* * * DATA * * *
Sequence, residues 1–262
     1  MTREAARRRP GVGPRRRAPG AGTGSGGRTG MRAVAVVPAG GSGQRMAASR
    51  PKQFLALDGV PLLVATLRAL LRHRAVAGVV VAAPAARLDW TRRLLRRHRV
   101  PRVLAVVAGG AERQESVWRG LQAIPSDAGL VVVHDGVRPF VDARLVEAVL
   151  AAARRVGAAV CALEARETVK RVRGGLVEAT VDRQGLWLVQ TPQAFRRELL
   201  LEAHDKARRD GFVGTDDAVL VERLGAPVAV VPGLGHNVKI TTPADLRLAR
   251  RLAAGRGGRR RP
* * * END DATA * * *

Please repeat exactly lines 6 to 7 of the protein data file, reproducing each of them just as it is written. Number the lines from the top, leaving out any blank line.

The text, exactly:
   201  LEAHDKARRD GFVGTDDAVL VERLGAPVAV VPGLGHNVKI TTPADLRLAR
   251  RLAAGRGGRR RP